While managing a divorce or breakup, many women tell me that they drive themselves crazy with the realization that their former partner “seems fine” and has apparently moved on. They obsessively criticize their own very normal grief processes, asking themselves: “What’s wrong with me that I’m so upset?"; “I should be further along by now"; "How is it that he seemed to love me so much and now it’s as if we never knew each other?”; “How can he be fine when I feel so miserable?”; or, “How could we have been so close and now I’m a stranger to him?”
Jill P. Weber Ph.D. is the author of The Relationship Formula Workbook Series–a series of 4 workboooks teaching how to engage healthy relationships–including Breaking Up & Divorce, Building Self-Esteem, Toxic Love, & Getting Close To Others. She is also the author of Having Sex, Wanting Intimacy—Why Women Settle for One-Sided Relationships. She is a relationship expert and also specializes in the impact of culture on female identity and relationship development.
Editor: Talha Khalid
Keep in mind: A flight into health is typically temporary.
Many women experience profound loss and despair when a romantic relationship comes to an end. Whether it's a breakup or a divorce, it's typical for women to fully experience the heartbreak. Even if they initiated the split, they're still in pain.
It’s troubling when going through this natural process to see the man you were in an intimate relationship with apparently moving on easily, while you are stuck with hurt and sadness.
Research shows that women do experience greater pain and heartache after a breakup than men. However, and this is important, although women typically take longer to heal, they do eventually completely get over the relationship. Men, on the other hand, often go into an immediate “flight into health,” appearing fine, even happy. Eventually this façade wanes as the loss sinks in over time. And if they don’t fully work through the loss, they find themselves stuck repeating the same negative relationship dynamic with new partners.
Grieving is a natural and healthy component of letting a relationship go. When we don’t allow ourselves to feel the hurt caused by the absence of someone we cared about, we deny, avoid, and suppress. Eventually the hurt grows and transforms into behavioral or emotional dysfunction.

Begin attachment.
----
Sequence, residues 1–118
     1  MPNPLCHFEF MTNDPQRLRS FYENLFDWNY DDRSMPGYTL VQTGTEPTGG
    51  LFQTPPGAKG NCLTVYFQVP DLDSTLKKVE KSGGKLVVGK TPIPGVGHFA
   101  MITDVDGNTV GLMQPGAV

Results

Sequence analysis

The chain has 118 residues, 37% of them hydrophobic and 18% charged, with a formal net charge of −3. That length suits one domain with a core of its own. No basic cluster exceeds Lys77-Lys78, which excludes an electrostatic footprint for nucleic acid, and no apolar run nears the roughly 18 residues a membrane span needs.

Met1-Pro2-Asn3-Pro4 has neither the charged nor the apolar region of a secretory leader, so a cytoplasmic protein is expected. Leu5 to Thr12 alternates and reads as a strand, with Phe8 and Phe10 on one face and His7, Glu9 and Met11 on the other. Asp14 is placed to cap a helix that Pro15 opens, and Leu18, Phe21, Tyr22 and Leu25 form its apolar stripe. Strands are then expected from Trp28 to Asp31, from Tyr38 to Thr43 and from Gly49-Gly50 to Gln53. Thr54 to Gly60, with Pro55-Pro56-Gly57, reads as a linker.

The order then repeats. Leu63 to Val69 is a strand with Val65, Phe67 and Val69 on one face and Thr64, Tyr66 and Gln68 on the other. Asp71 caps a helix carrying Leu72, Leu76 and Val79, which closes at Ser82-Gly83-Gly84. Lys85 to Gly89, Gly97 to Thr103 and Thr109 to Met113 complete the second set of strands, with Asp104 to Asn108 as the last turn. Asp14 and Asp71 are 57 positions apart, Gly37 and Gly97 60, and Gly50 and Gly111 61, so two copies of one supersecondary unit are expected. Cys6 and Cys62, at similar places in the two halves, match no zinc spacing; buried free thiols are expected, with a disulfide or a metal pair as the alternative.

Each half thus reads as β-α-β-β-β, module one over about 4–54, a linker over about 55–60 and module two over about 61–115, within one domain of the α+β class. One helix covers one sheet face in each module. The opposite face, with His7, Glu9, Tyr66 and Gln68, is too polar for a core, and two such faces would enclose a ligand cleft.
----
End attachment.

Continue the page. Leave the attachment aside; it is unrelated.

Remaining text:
Part of grieving is thoroughly understanding the good and the bad in the relationship—within our partners and within ourselves As I describe in Breaking Up & Divorce—5 Steps, we must accept our loss in order to cultivate positive, new prospects in the future. And if we don’t do this work, we are bound to repeat the same mistakes in our next relationships. It is more challenging in some cases than others, but there are straightforward steps one can take to speed up the healing process and intelligently prepare for a new romantic relationship.
If you are grieving the loss of a romantic partner or a marriage, remind yourself that grieving eventually opens a door to new growth and happiness. I can’t tell you how often I have seen healthy grieving after a divorce or romantic loss eventually lead to healthier patterns—and more fulfilling unions.
Grieve, but at the same time be kind to yourself in the process. Don't think, “What’s wrong with me that I’m still upset?” Remind yourself that you are upset because you deeply cared for someone who is no longer in your life. It would be bizarre, robotic, or inhuman to care for someone so deeply, let them go, and never miss or long for what you no longer have.
There is a future for you out there: Sadness will give way and you will be prepared for something better.